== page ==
There are also two interesting S.H.I.E.L.D.-centric stories going on in this episode.  The first is Bobbi’s continued efforts to interrogate Bakshi, which lead to S.H.I.E.L.D.’s discovery that Whitehall is actually Werner Reinhardt (and our discovery that Simmons has a bit of hero-worship going on for fellow-Brit Peggy Carter).  This connects very well with Whitehall’s back story, but it also gives us some interesting character moments between Bobbi and Hunter.  Hunter has been badmouthing Bobbi all season and never quite seems to trust her, and now we know why.  Their history together is really bad, but he really does seem to love her.  So even though he believes he can never trust her, he still wants to.  And that leads to the two of them having sex in the S.H.I.E.L.D. van.  On the one hand I can see how their “hooking up” is part of their character development, especially in light of the “Real S.H.I.E.L.D.” plot in the back half of the season, but on the other hand it felt kind of gratuitous.

The other S.H.I.E.L.D. story involved Coulson’s team going on a mission to “borrow” U.S. geological satellites in order to use them to find the alien city.  Coulson uses Skye and Trip to place the two parts of an E.M.P. device into play where they will knock the U.S. Air Force facility in Hawaii offline, giving S.H.I.E.L.D. an opportunity to install a backdoor into the U.S.A.F. system at a secondary facility in Australia.  There’s also a quick reference in there to Audrey, who gave him the tie which he had Trip pick up from the dry cleaners.  You can read into that that Coulson still cares for her, but it’s not much to go by.

Coulson then takes the team to Australia, where he, Trip, and Fitz infiltrate the facility so Fitz can install the backdoor transceiver.  It’s nice that they show Fitz practicing the installation a few times and struggling with it.  We knew he was most likely going to do it, but that let us see the struggle—he’s still not up to full strength because one of his hands is still not quite right.  A Hydra team is there for them to fight off, but only as a way for the Doctor to get close enough to Coulson to give him a message.  It seems a little convenient that Hydra showed up there at the same time that S.H.I.E.L.D. did, but I suppose it is possible that they had been staking that facility out because the Doctor knew S.H.I.E.L.D. would need the satellite system to find the facility.  This gives the Doctor a little more character development as someone who is unstable and only working with Whitehall to get close enough to kill him.  He also cares about Skye a lot, which may have been the only thing that prevented him from killing Trip.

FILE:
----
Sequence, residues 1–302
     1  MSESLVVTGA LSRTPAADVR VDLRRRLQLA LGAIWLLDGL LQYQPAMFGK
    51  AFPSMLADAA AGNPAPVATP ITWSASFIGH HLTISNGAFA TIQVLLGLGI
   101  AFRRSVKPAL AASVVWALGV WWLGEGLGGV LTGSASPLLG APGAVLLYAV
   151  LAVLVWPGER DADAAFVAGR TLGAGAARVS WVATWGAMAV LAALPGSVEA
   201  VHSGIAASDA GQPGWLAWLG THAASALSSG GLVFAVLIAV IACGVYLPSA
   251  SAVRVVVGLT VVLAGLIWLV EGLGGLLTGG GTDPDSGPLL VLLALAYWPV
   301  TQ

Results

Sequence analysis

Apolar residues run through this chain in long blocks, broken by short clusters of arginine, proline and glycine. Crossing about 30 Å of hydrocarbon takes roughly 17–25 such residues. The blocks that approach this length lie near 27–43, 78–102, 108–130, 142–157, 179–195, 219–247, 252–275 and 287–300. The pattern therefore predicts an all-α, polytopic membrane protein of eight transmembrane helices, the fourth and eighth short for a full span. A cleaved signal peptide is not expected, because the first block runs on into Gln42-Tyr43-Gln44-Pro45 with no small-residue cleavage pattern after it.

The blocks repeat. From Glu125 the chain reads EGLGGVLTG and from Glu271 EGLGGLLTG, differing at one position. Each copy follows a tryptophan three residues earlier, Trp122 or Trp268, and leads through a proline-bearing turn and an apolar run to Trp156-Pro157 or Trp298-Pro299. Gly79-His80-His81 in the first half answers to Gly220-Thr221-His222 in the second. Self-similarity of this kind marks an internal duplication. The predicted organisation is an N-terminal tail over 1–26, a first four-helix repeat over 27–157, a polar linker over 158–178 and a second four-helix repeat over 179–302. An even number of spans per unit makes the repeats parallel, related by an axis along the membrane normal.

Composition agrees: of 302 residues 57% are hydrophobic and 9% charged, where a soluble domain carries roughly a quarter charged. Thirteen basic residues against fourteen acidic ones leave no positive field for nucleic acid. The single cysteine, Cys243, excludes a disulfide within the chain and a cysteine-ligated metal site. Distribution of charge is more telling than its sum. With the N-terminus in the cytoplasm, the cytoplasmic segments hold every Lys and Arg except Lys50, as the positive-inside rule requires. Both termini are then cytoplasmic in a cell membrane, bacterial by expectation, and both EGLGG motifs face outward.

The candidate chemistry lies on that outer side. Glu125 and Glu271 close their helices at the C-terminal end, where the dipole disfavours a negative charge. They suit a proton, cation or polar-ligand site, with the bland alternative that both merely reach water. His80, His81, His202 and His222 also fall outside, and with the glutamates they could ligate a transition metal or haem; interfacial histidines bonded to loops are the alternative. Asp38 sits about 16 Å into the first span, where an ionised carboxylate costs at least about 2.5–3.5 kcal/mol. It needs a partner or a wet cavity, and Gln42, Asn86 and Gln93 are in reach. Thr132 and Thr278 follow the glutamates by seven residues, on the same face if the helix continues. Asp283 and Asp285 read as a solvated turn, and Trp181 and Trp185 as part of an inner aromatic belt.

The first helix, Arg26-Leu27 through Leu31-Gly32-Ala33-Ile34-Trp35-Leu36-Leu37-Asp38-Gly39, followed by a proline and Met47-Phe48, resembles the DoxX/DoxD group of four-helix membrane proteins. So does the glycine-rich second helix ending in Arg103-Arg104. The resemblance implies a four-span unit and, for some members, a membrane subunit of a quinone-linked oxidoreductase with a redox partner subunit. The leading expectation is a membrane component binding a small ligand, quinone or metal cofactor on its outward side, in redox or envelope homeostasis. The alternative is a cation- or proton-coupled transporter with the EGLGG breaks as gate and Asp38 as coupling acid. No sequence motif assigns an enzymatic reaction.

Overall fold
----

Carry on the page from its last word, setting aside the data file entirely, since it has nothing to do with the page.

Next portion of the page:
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As far as villain-centric episodes are concerned, this was pretty good.  It introduced all the villains for the season (including Jiaying, something we didn’t realize until “Scars,” 2x20) and explored their motivations.  There was some decent action with the fight at the military facility, but it kept the focus squarely on the characters.  I haven’t been commenting on the effects too much lately because the effects largely seem to be stunts and practical effects and I haven’t seen anything really bad.  However, I do want to comment on the age makeup they used for old Whitehall and young Cal.  I really wasn’t convinced with the Whitehall makeup; it looked like it was too much and too thick and he really couldn’t move under it.  Young Cal, by contrast, was quite well done—helped along by the dark lighting, I think.  Considering how well Marvel has been able to age Hayley Atwell for Peggy Carter in Captain America: The Winter Soldier and Ant-Man I’m surprised that Whitehall’s age makeup wasn’t more convincing.  However, I didn’t find myself getting pulled out of the story too much by it, so I guess I can let it go.

What did you think of this episode?  Do you like these villain-centric episodes?  Do you think Marvel Studios needs to do that with a movie or two—focus exclusively on the villains (a la Sinister Six, Masters of Evil, or Thunderbolts)?